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Peptic Ulcers

One in 10 men and one in 15 women will develop a peptic ulcer. It's not known exactly why they occur, but today, thanks to modern drugs, they are almost always treatable without surgery.

An ulcer is an open sore in the skin or in one of the many protective mucous membranes that line parts of the body, including the digestive tract. You can get an ulcer almost anywhere - in your mouth, on your leg or in the lining of your gut.

WHERE THEY FORM
A peptic ulcer is any sort of ulcer that results from the action of the gastric, or stomach, juices, and usually occurs in the stomach or in the duodenum - the tube that exits
from the stomach.

Peptic ulcers affect up to one million people every year in the UK alone. Most of these people are cured relatively quickly and simply, though recurrences are common.

However, in some cases, a peptic ulcer can have serious consequences and treatment may involve emergency surgery. In the worst circumstances, a peptic ulcer can be fatal, accounting for 4,000 deaths a year in the UK, more than twice the number caused by cervical cancer.

Peptic ulcers may occur in the oesophagus - the muscular tube that carries food into the stomach - but are more common in the stomach or duodenum where food is broken down. Digestion begins in the stomach where hydrochloric acid and the enzyme pepsin are released. Food churns around in these gastric juices and begins to break down.

ACID RESISTANT
To ensure that the stomach or duodenum are not digested as well as the food, they are lined with a mucous membrane which is resistant to acid and enzyme attack.

Ulcers occur when the digestive juices break through this protective lining and eat into the underlying tissues. More rarely, they develop in the oesophagus or in the small intestine. Ulcers in any of these areas are collectively known as peptic ulcers because of the involvement of pepsin.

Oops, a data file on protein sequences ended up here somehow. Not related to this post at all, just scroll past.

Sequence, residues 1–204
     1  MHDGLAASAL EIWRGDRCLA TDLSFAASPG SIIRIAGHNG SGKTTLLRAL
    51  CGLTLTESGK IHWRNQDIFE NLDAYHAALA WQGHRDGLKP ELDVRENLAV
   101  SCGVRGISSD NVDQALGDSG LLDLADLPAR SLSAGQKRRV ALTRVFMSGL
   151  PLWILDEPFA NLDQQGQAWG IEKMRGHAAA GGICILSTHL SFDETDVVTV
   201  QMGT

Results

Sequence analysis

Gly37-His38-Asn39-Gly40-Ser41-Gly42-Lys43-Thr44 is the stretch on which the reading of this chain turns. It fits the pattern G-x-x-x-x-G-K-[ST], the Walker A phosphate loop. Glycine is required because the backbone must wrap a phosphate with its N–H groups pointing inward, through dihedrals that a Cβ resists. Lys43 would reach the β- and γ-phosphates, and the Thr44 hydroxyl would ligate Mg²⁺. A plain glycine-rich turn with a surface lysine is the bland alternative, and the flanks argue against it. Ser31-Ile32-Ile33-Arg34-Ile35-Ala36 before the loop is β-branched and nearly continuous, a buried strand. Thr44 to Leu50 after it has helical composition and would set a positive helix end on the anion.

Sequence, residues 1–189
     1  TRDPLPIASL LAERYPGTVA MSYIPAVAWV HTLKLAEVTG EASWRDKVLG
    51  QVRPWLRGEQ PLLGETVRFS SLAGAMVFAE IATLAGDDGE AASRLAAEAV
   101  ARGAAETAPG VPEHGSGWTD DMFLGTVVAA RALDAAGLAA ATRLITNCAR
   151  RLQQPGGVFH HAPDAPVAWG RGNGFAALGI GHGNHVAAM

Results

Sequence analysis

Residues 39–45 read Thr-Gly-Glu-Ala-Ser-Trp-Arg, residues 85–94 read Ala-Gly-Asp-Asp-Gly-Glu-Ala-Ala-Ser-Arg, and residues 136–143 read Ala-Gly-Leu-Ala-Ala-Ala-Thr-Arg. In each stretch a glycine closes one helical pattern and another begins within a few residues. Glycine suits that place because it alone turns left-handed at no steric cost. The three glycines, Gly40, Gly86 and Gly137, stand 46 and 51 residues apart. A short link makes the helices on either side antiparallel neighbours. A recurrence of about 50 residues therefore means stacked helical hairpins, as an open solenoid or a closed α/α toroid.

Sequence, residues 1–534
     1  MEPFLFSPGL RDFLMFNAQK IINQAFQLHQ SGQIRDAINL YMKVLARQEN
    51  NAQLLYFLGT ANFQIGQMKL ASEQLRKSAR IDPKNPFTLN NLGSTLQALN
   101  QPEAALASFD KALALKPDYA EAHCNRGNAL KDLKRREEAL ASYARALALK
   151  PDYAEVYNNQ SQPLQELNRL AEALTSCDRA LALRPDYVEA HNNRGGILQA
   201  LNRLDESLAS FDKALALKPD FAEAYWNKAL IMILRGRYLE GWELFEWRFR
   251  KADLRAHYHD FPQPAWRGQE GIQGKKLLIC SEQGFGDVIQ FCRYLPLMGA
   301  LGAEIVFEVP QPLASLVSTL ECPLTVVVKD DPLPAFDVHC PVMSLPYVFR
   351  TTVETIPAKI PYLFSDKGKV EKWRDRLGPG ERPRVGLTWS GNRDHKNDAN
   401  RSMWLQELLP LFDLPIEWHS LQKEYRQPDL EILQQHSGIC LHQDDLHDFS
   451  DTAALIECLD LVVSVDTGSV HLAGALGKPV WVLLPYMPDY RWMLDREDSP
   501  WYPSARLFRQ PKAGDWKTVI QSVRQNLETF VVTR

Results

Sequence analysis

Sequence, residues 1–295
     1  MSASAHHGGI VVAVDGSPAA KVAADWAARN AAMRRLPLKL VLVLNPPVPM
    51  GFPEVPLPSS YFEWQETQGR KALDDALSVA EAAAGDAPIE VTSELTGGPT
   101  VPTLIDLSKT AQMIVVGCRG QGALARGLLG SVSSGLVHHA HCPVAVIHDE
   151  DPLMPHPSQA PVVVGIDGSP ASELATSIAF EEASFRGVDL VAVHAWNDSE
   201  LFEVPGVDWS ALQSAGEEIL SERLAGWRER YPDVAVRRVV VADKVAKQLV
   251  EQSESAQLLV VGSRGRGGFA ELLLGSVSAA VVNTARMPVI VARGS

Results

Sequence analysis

People with duodenal ulcers produce too much acidic juice, while those who develop gastric ulcers usually produce normal amounts of acid but have a faulty stomach lining.

At one time, gastric ulcers were more common than duodenal ulcers. Now, gastric ulcers have become far less prevalent, affecting about one in 30, while duodenal ulcers affect as many as one in 10. Men are more likely to develop ulcers than women, and there is more chance of them occurring if you are over 40.

There is also some evidence that peptic ulcers run in families and that they are most common in Europe, North America and certain parts of India.

NEW DISCOVERY
No-one knows exactly why this has happened or why some people seem particularly prone to peptic ulcers. However, doctors have recently focused their suspicions on a bacterium called helicobacter pylori (h. pylori) which they now think plays an important role in causing ulcers and other stomach and duodenal problems, possibly even stomach cancer.

What doctors do know is that heavy alcohol intake, especially of spirits, can encourage ulcers to develop or make existing ones worse. If you smoke, you are more likely to develop ulcers, too. Smoking also inhibits ulcers from healing and makes them more likely to recur.

Drugs such as aspirin and some other NSAIDs (non-steroidal anti-inflammatory drugs) used to treat arthritis, can predispose some people to ulcers. In addition, some ulcer sufferers find their symptoms worsen under stress - possibly because stress stimulates the stomach to produce more acid.

THE SYMPTOMS
Some people with peptic ulcers have no symptoms at all. Others complain of a gnawing pain in the upper part of their abdomen. This condition is known as dyspepsia. With duodenal ulcers, the pain is often worse at night.